Updated: Oct 5, 2020
The pH effect on the bleached hair was presented by Dr. Ernesta Malinauskyte during the Hair S’19 Conference, organized by DWI in September of 2019. We have received many requests to share our findings by attendees of the conference, as well as those who attended our seminar held at TRI at the end of 2019. Unfortunately, we were not able to share the unpublished information...until now!
We would like to introduce a joint publication by Lonza and TRI titled “Effect of equilibrium pH on the structure and properties of bleach-damaged human hair fibers” (https://library.triprinceton.org/1erqg3t/ ). This published research paves a foundation for soaking experiments of bleached hair. A lot of scientists seem to struggle to explain certain effects of treatments because there is more than one variable involved. We have begun dissecting this issue by experimenting with clean 3x 9% liquid bleached hair (Figure 1B), which is a model substrate in damage repair studies. Although such levels of bleaching sound terrifying to some people, it really is not. If you look at image B, this is considered to be half-way stage between medium brown European virgin hair (Figure 1A) and hair that is bleached to the level of “platinum” (Figure 1C). Thus, damage levels are reasonable and can represent “real life”.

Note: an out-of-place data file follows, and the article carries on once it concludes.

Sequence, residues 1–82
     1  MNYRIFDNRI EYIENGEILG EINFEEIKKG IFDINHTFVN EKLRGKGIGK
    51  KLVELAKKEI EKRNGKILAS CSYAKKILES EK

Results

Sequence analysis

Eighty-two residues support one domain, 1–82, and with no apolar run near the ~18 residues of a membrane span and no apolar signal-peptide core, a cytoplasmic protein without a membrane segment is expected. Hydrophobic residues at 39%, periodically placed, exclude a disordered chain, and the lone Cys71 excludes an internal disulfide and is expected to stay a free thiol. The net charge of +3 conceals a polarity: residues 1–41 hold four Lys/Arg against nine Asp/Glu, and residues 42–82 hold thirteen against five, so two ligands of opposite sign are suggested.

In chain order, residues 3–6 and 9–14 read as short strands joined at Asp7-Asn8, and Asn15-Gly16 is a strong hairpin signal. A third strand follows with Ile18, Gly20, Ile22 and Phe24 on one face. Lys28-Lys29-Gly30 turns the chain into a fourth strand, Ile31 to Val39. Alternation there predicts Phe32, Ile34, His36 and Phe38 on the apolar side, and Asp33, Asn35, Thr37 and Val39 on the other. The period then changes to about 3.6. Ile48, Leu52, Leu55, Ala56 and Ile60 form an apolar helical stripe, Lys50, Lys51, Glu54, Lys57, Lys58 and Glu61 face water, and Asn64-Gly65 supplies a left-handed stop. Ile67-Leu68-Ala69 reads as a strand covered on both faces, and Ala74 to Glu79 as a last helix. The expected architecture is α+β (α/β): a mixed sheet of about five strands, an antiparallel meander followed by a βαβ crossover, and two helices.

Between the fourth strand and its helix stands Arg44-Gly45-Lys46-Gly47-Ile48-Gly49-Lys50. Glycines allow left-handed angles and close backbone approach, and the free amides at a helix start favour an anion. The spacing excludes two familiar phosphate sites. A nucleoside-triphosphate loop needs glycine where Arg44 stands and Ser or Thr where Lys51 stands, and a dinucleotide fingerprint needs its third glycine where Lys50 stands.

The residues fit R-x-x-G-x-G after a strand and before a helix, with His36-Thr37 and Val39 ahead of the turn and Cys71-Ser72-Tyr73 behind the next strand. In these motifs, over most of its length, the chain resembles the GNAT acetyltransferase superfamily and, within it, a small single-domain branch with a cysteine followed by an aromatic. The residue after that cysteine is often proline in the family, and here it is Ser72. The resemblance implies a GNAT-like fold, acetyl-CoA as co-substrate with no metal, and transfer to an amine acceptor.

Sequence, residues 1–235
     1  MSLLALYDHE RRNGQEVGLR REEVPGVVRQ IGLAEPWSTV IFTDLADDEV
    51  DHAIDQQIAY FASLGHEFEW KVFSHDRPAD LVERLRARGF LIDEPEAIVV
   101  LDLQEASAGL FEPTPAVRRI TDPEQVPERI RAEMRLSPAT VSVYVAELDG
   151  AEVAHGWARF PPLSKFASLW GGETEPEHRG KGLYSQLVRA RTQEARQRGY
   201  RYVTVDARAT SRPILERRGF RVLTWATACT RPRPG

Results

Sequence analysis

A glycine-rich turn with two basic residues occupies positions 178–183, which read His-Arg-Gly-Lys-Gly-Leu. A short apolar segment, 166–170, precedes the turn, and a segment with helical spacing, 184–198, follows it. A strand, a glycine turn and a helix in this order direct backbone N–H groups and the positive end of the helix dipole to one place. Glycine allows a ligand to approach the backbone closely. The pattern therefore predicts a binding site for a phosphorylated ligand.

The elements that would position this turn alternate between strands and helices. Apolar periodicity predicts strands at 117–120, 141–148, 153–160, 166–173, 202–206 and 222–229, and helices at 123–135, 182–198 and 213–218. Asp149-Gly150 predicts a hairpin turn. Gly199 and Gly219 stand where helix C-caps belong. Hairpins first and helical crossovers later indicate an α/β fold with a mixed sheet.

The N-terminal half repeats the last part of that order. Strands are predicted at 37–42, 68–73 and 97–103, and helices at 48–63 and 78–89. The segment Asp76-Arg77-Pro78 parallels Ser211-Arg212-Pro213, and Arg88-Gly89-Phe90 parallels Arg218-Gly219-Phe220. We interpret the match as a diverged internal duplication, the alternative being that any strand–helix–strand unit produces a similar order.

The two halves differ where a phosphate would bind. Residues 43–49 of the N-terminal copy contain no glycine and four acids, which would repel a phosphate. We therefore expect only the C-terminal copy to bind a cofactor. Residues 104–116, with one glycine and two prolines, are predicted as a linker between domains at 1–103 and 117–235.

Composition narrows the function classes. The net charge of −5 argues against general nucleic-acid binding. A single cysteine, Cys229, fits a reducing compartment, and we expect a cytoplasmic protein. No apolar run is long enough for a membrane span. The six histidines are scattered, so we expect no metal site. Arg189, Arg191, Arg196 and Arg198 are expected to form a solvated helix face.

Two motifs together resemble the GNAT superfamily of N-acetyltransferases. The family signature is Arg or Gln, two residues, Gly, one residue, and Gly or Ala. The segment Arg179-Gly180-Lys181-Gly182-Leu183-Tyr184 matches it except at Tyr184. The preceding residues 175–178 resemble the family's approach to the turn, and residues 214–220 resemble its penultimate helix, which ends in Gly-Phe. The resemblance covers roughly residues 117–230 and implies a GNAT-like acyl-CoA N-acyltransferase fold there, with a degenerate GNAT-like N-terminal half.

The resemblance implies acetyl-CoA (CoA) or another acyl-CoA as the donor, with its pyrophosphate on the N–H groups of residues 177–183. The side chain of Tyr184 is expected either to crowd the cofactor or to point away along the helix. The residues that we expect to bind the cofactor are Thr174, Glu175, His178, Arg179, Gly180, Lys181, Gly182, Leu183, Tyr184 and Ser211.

During this study, we exposed hair to different pH solutions that were composed only of water, sodium hydroxide and hydrochloric acid for 24 h. Minimal composition together with only low molecular sizes of molecules ensured a decent penetration profile and moreover, the possibility to attribute the observed effects to hydrogen or hydroxide ion concentration, or in other words, pH.
The main findings suggest that:
pH does not affect tensile breakage within the region of 3-10.
Under highly acidic conditions (equilibrium pH~3), the glutamic & aspartic acid side chains of the hair proteins protonate, making the hair less hydrophilic and more compact.
In turn, this makes “bad hair days” on humid days less of an issue because hair absorbs less water, is more flexible in dry conditions and less “mushy” in wet conditions. Unfortunately, it also reduces the diameter of the hair fiber and possibly the penetration levels of hydrophilic nutrients including those that are claimed to enrich hair.
Slightly acidic conditions (equilibrium pH~5) allow the formation of the best structural integrity and makes hair the stiffest in dry conditions.
Under alkaline conditions (equilibrium pH ~10), the hair swells, opening themselves for water and possibly other actives to penetrate, but otherwise not practical for bleached hair owners.
The choice of pH conditions can simply depend on your research and/or marketing goal, or what you want to achieve at home!
For more information about hair and skin science visit us at www.triprinceton.org
Read the full paper at https://library.triprinceton.org/1erqg3t/